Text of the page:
Notice: This Summary Order May Not Be Cited As Precedential Authority, but May Be Called to the Attention of the Court in a Subsequent Stage of This Case, in a Related Case, or in Any Case for Purposes of Collateral Estoppel or Res Judicata. See Second Circuit Rule 0.23.c. Gerardo Rojas, Plaintiff-appellant, v. Tai Shan Kang, Ye Mai Kang, and Hwa Lin Tai, Defendants-appellees, 101 F.3d 108 (2d Cir. 1996)Annotate this Case
Appeal from the United States District Court for the Eastern District of New York (Real, Judge).
Appearing for Appellant: Kenneth J. Ready, Ready & Pontisakos, Garden City, New York.
Appearing for Appellees: John Kenneth Rode, Kelly, Rode & Kelly, Mineola, New York.
Present: HONORABLE ELLSWORTH A. VAN GRAAFEILAND, HONORABLE THOMAS J. MESKILL, HONORABLE RALPH K. WINTER, Circuit Judges.
This cause came to be heard on the transcript of record from the United States District Court for the Eastern District of New York and was argued.
ON CONSIDERATION WHEREOF, IT IS HEREBY ORDERED, ADJUDGED AND DECREED that the judgment of the District Court is hereby affirmed.
C. Gerardo Rojas appeals from a judgment for the defendants after a jury trial before Judge Real. Rojas seeks to recover damages for an injury allegedly sustained in a fall caused by a defectively maintained staircase in defendants' building. On appeal, Rojas argues several evidentiary points and suggests that the aggregate of the erroneous evidentiary rulings, when coupled with the district court's bias against the plaintiff's claim, deprived him of a fair trial. In addition, Rojas argues that the question of lost earnings damages should have been put to the jury.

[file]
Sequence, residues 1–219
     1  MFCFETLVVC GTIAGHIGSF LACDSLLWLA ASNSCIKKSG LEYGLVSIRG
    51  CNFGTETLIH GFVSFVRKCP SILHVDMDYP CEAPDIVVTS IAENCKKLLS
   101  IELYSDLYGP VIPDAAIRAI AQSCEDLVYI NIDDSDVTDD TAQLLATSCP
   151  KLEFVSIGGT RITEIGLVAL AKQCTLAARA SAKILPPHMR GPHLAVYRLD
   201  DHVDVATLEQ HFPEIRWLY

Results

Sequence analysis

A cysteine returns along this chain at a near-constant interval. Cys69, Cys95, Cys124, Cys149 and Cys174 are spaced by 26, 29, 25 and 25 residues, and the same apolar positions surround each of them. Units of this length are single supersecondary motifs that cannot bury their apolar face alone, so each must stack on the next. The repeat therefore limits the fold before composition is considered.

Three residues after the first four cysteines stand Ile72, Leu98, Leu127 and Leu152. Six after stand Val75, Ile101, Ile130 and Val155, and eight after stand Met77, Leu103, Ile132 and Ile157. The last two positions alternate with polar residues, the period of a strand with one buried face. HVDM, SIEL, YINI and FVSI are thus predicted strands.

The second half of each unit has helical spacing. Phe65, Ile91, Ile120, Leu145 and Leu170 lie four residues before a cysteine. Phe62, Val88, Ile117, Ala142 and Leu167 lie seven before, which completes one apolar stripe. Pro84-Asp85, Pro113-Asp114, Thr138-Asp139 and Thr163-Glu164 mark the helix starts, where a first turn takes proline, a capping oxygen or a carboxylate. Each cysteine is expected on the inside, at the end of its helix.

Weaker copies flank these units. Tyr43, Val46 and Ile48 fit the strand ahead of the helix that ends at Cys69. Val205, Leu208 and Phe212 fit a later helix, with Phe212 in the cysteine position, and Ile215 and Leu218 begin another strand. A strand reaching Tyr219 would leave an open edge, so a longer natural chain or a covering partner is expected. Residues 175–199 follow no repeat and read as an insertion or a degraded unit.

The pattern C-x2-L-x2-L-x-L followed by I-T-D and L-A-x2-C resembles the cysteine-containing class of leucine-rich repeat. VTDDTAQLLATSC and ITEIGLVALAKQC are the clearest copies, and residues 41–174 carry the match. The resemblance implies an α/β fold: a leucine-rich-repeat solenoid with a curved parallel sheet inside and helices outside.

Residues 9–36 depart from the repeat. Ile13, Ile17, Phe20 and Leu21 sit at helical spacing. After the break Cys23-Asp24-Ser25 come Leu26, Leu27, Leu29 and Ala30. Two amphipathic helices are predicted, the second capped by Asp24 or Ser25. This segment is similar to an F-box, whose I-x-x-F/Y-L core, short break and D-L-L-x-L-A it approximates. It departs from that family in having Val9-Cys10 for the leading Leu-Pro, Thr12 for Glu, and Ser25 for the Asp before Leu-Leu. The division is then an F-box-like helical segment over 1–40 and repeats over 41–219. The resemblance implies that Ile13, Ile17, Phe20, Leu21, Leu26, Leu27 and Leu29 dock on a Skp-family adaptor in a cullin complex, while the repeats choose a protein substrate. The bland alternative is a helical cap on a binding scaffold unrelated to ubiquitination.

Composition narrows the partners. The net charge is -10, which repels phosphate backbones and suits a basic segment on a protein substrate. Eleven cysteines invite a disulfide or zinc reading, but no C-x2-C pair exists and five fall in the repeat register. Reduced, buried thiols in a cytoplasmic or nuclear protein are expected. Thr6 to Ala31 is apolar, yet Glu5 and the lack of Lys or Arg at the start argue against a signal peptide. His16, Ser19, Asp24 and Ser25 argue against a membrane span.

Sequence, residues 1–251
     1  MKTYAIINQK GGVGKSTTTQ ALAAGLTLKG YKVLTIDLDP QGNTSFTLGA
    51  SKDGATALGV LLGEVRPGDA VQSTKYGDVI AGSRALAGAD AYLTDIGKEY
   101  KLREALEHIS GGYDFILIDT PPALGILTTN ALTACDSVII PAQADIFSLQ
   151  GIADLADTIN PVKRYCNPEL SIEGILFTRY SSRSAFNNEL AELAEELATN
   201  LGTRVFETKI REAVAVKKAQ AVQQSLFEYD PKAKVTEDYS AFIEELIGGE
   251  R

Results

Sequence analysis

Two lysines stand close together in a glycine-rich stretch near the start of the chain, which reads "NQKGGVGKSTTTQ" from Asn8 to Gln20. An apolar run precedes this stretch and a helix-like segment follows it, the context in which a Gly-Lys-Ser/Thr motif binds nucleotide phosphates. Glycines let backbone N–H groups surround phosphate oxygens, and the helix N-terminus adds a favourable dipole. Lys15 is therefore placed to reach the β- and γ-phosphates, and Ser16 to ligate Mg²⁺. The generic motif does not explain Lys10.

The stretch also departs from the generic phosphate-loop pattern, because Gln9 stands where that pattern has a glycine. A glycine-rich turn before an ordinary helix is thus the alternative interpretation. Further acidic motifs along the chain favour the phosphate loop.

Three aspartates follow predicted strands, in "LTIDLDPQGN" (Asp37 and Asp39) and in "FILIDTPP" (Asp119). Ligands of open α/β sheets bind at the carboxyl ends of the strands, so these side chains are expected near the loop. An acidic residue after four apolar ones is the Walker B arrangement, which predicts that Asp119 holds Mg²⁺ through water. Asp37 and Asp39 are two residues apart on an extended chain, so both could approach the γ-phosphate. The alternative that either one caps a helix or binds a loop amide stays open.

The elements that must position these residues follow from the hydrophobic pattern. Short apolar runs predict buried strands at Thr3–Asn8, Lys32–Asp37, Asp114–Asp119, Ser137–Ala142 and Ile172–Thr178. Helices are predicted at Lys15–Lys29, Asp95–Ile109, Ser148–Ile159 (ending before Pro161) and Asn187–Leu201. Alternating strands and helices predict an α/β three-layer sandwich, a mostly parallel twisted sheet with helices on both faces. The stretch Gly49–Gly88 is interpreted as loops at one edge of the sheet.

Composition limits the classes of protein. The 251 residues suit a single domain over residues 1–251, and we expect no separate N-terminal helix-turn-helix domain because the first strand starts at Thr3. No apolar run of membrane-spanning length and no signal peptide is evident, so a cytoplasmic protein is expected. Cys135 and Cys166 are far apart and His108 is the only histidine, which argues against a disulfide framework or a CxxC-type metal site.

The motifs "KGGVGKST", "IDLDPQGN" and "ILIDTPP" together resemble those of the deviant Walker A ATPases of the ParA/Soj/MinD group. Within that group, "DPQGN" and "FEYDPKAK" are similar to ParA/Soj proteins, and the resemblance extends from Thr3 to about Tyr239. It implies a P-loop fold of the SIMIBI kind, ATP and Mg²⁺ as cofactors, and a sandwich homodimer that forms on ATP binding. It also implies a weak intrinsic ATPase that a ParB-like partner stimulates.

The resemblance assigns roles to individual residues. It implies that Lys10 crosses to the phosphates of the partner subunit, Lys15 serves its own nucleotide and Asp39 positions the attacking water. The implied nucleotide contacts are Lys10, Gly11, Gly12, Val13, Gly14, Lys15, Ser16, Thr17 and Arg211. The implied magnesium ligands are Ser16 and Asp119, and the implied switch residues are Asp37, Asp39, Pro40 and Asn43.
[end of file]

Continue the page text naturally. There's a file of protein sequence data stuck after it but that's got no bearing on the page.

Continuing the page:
Rojas contends that the district court erroneously sustained a host of objections to the questioning of his expert orthopedist and trauma surgeon, Dr. Korn. We disagree.
The district court sustained an objection whenever Dr. Korn, qualified as an orthopedist and trauma surgeon, began to testify about nerves, whether in the context of general explanation, of nerve conduction examinations that he performed on Rojas, of other nerve conduction studies that he had done, or of the causes of Rojas's muscle atrophy. The district court clearly believed that the challenged questions sought answers outside the scope of Dr. Korn's expertise, and we cannot deem its decisions "manifestly erroneous." See Morse/Diesel, Inc. v. Trinity Indus., 67 F.3d 435, 444 (2d Cir. 1995). Moreover, the questions relating to nerves went to the extent of damage, but the jury found no liability. If it was error to exclude this testimony, therefore, the error was harmless.
The district court also sustained objections to testimony concerning the likely future effects of Rojas's injury. It appears from the record that this testimony was excluded because it also involved nerve damage. Therefore, it was either properly excluded or was harmless error for the reasons discussed above.